Sunday, August 1, 2010

Volunteer Report from the Burning River 100

Sidelined these days, I had to find a way to stay "plugged in" to my family outside of my immediate family...that being the trail running/ultra-running community here in NE Ohio.  The Burning River 100 Mile Endurance Run kicked off yesterday morning at 5am and the deadline to cross the finish line passed at 11am this morning, 30 hours later.  I have never been on the "giving side" of the aid station table, instead always on the taking/receiving side as a runner.  My post today is just my point of view at one stop on a very long journey for everyone.

I woke up around 3:30am on Saturday and immediately thought of the Cuyahoga Falls school buses pulling away from the finish line, en route to the starting line 100 miles away at Squire's Castle.  I fell back asleep, knowing that I would need it later, and woke up at 6:30am, of course thinking that I missed the 5am start and everyone is 90min into their journey.  As a past finisher, I know the course and can imagine it all.  For me, though, I was going to be working with Maria and the NEO Trail crew at Mile 64, Happy Days, just off of Route 303 in Peninsula.  I headed on down for setup at 1:15pm and the lead runners came through just over an hour later.  The running order that those first few men and women came in at stayed the same and a guy from California broke a course record and won the race in under 16 hours...simply unbelievable.  Same for the ladies, too.  Annette Bednosky from North Carolina came through looking strong and never gave up the lead and broke a course record as well.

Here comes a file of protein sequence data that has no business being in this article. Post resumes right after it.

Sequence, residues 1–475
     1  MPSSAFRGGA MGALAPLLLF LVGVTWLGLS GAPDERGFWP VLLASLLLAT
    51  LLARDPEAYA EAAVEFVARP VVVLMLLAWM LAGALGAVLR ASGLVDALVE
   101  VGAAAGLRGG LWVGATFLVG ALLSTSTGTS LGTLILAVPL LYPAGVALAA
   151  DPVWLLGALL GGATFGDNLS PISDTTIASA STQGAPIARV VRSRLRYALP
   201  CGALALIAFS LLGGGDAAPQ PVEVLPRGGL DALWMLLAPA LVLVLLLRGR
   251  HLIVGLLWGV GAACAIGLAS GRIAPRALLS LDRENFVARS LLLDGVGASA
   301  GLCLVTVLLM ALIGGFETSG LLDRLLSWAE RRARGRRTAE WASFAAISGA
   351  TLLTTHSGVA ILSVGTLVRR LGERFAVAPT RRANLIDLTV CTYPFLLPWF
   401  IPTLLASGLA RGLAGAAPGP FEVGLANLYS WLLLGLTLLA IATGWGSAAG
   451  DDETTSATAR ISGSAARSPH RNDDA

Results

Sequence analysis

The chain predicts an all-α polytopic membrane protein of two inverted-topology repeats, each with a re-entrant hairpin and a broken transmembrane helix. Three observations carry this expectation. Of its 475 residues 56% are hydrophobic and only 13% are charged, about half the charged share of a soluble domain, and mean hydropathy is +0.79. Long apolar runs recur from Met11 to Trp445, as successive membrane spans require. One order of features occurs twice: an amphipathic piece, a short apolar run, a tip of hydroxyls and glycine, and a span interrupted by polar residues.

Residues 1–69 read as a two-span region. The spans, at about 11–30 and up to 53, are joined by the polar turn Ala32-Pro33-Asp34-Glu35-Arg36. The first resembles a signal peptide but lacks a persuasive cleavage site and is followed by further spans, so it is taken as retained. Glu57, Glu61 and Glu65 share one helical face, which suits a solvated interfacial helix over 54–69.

Once the front runners came through, the traffic slowly picked up and I knew more and more fellow runners as they came in.  I don't know many of the speedy folks out there since I'm a mid-packer myself, so as the day wore on, it got more busy and more fun.  My brother, Jim and his wife, Bekah, showed up as well.  They stood a few hundred yards away at the exit of the trail to direct runners through the high grass field to the aid station.  It wasn't long that Jim was texting me every bib number so that we could record the arrival, retrieve their drop bag if they had one, and cheer them in by name.  This really helped our station do our job and best serve each and every runner.